Once you own real property in the US, you may have a tax filing requirement in the US if the property is used in a trade or business. If the property is strictly a second home, there will be no tax filing requirements until the home is sold, at that point, you will have to report the capital gain. When the property produces revenues, e.g. rental income or capital gains on sale, you will be required to file a nonresident tax return by June 30th the year following the creation of the income. For example, if you sell your US property in 2014, then the income tax return is due by June 30, 2015. However, you will want to file early so that your Canadian accountant can file the Canadian return and take the appropriate tax credit.
Each owner of the property needs to file a separate tax return to report their share of the gain (or loss) on the property. Just because you have loss, does not mean you do not have to file, you still are required to file the tax return. However, as a general rule any taxes that you pay to the US, will be a credit in Canada when you file your Canadian T1.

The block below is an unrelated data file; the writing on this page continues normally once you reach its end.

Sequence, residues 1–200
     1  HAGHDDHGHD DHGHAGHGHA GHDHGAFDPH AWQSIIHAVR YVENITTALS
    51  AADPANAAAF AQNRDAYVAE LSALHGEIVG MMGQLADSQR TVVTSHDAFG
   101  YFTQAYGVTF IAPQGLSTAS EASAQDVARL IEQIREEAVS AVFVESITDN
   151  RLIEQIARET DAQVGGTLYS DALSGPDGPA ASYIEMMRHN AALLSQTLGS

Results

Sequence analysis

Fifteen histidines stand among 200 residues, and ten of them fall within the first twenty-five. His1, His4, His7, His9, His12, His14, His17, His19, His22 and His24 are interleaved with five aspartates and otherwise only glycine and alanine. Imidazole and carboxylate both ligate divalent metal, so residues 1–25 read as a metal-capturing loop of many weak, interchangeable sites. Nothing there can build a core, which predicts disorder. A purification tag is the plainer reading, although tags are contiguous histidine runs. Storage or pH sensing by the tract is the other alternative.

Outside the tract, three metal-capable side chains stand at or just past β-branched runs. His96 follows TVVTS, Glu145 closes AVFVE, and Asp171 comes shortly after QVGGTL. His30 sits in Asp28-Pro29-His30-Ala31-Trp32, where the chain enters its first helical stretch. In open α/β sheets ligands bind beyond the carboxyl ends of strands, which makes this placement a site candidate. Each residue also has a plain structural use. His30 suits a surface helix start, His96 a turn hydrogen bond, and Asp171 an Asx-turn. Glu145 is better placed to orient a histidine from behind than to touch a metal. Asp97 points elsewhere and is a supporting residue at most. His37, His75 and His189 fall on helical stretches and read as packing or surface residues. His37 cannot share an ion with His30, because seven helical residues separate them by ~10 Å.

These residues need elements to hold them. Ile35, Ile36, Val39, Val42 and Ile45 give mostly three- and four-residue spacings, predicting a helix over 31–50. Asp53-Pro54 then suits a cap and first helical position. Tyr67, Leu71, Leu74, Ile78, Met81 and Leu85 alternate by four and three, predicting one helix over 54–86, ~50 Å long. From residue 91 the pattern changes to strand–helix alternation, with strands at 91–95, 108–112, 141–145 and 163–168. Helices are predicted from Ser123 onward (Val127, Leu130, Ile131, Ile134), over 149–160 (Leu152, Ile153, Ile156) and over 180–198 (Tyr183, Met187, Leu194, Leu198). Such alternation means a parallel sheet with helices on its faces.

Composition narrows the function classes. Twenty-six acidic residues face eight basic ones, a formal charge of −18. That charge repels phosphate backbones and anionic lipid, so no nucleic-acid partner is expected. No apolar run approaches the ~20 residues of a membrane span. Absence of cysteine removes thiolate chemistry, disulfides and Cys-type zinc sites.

The US estate tax is computed on the Fair Market Value (FMV) of the assets and not the Capital Appreciation. Therefore, it does not matter if the home is worth less than what you bought it for, you still could have a US estate tax liability. As a rule, nonresidents of the US are allowed to exempt US$60,000 of their US assets from estate tax or US$120,000 for married couples. Under the US/Canada Tax Treaty Canadians are allowed a pro-rata amount of US resident exemption, which is currently US$5,340,000 (2014). In many cases, the pro-rata amount is sufficient to exempt the second home from estate tax.